However, there are instances where BEC attacks are not highly targeted, where the attacker scrapes email addresses from LinkedIn or other sources and mails attacks to multiple people or group addresses at the same time.
BEC is Text-Only
A hallmark of a business email compromise attack is the initial email contains a text-only message. The intent of using a text-only message in the first send is to start a conversation and elicit a response from their target, as well as to bypass traditional email security solutions, like secure email gateways (SEGs), that are trained to block malicious attachments and links.
That said, in some cases, the attacker may choose to include a link that redirects multiple times or a safe attachment that doesn't contain malware in order to add authenticity to the scam.
BEC Invokes a Sense of Urgency
BEC attacks often display a strong sense of urgency. The urgent tone stems from the attacker's need to steal money or information in the shortest amount of time, before being caught by the targeted organization. It is common for the attacker to aggressively follow up on their requests until they are acted upon by the target, often sending multiple emails within the span of a few hours.
BEC Attacks Contain Malicious Reply-to Addresses
When the attacker compromises a domain in order to create a conversation with the target, it’s common for the attacker to ensure that the conversation is diverted away from the actual email address. In this case, the attacker adds a reply-to address that points to an email inbox they have control of, commonly a lookalike domain.
The Financial Impact of BEC Attacks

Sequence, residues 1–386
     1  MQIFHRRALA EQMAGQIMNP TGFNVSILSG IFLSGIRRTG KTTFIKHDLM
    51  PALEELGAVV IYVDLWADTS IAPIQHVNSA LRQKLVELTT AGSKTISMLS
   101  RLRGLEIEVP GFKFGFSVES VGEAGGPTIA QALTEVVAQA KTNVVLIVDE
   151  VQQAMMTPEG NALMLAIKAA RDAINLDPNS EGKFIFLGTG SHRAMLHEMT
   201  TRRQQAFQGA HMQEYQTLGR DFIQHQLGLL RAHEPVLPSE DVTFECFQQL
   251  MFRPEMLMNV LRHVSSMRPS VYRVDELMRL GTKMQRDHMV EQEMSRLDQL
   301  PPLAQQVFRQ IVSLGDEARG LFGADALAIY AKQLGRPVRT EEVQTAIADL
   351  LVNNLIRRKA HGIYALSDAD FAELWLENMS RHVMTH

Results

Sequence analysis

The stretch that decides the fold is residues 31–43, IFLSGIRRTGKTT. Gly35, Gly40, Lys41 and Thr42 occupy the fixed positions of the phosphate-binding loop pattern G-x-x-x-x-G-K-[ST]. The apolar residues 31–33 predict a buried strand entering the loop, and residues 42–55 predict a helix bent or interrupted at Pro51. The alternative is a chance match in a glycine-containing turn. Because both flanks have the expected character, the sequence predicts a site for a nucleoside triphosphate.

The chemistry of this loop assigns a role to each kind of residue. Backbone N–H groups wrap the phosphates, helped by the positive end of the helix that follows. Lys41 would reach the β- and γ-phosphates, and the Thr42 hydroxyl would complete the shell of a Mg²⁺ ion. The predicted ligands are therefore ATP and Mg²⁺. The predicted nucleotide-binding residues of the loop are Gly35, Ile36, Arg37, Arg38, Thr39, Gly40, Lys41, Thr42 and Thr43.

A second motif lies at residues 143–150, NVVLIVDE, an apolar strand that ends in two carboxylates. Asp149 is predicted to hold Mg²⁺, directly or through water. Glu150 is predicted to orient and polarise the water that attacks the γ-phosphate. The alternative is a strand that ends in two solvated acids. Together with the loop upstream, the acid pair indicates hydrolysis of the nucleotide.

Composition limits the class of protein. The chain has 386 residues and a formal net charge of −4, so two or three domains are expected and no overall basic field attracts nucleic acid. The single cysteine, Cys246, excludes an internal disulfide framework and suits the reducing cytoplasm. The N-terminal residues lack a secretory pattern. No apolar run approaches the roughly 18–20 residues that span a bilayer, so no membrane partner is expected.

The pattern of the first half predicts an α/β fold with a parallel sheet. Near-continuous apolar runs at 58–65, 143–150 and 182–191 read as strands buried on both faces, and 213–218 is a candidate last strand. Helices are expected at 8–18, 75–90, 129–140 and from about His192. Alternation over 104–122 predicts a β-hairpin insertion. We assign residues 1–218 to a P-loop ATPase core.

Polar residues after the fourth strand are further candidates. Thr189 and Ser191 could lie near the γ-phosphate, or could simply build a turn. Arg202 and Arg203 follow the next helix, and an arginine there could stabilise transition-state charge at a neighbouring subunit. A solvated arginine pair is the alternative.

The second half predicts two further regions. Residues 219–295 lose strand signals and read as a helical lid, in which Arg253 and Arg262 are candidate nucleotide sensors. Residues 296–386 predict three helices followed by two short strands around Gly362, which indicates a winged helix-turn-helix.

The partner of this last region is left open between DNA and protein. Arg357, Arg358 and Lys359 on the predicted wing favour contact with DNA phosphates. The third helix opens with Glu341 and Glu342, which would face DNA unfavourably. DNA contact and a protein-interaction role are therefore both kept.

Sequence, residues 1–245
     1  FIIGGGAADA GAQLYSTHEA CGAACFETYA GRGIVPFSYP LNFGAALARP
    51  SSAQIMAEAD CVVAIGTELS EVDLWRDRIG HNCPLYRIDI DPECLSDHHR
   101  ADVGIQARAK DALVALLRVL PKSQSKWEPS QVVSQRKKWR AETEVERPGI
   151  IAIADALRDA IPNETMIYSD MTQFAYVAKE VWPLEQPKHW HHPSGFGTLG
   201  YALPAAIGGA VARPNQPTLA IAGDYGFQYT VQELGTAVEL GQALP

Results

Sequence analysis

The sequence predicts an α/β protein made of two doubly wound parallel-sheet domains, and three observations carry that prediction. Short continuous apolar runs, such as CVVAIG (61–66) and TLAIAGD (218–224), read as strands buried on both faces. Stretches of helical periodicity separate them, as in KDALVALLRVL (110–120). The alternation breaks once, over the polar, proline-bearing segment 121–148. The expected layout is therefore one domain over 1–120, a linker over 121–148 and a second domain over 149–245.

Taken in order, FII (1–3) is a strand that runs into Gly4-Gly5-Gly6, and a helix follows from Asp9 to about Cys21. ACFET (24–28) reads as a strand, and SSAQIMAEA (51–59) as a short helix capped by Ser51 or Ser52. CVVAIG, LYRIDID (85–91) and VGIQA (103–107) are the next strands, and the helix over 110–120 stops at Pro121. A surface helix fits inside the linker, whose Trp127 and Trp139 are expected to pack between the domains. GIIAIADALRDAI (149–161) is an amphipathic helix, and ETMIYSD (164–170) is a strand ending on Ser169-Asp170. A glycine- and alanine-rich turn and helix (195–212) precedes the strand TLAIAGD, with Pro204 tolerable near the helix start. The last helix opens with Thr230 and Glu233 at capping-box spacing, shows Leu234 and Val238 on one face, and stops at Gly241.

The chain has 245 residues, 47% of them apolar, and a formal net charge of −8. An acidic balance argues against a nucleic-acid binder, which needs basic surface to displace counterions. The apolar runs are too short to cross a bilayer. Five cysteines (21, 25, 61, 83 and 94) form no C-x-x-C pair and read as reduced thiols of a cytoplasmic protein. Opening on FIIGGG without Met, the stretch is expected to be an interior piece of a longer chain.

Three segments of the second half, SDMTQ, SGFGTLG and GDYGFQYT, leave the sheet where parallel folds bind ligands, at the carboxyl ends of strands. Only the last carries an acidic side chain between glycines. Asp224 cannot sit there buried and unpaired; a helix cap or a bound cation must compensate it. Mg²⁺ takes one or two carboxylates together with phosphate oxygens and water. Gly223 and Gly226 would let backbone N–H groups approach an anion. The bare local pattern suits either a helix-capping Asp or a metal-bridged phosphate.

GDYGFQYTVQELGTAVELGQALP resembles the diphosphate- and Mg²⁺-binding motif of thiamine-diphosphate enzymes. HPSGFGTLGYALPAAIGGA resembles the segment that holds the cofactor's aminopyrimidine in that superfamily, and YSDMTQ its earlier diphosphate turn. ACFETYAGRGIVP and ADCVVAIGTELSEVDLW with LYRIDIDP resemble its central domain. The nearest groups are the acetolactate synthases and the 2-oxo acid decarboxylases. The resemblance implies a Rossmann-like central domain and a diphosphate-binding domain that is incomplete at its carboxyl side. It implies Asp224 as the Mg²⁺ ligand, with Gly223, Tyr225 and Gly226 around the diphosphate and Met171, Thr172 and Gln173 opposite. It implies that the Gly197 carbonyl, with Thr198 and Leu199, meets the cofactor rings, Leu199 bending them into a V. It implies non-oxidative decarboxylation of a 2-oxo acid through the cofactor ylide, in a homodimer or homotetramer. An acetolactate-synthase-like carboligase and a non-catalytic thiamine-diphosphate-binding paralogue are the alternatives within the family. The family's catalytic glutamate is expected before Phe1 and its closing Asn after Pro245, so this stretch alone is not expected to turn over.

According to the 2020 FBI’s IC3 report, over $26 billion has been lost to business email compromise crime over the past few years. Based on statistical research performed by Abnormal Security, these attacks pose a unique and dangerous financial threat to businesses, including the following:
- The average potential cost of a vendor email compromise attack is $183,000, depending on the goal of the attack.
- Billing account update fraud is the costliest form of BEC attack, with close to $300,000 on average per attack.
- The average potential cost of invoice fraud is $120,000, with a maximum of $466,000 identified and prevented.
- Payment fraud attacks average $105,000 per attack with a maximum observed of $753,000.
- RFQ scams, which tend to be seen as less sophisticated than other VEC attack types, can be quite expensive. The average seen by Abnormal Security is $242,000 with a maximum of $500,000.
An Abnormal Approach to Stopping Business Email Compromise
By uniquely leveraging behavioral data science to profile and baseline good behavior to detect anomalies and stop attacks, Abnormal Security delivers a breakthrough approach via a cloud-native email security platform that can be deployed instantly through a one-click API integration. Abnormal Security can be used to extend and complement existing SEG solutions.
Our behavioral data science approach is based on three pillars of technology: identity modeling, behavioral and relationship graphs, and deep content analysis. With these pillars, we’re able to profile the known good of an organization and then use it to detect and stop abnormal behavior to stop a broad range of attacks. For example, Abnormal Security successfully stops:
- Fraudulent financial requests from compromised vendors
- Compromised internal email accounts with full remediation
- Credential phishing emails with targeted links used to gain access to systems
Additionally, Abnormal Security is the only solution with VendorBase, which provides continuous reputation and risk scoring for an organization's partner ecosystem and automatically identifies when a vendor has been compromised. This enables organizations to substantially improve their security posture and prevents compromised vendors from taking advantage of unsuspecting employees.
To learn more about how Abnormal can improve your security, request a demo of the platform today.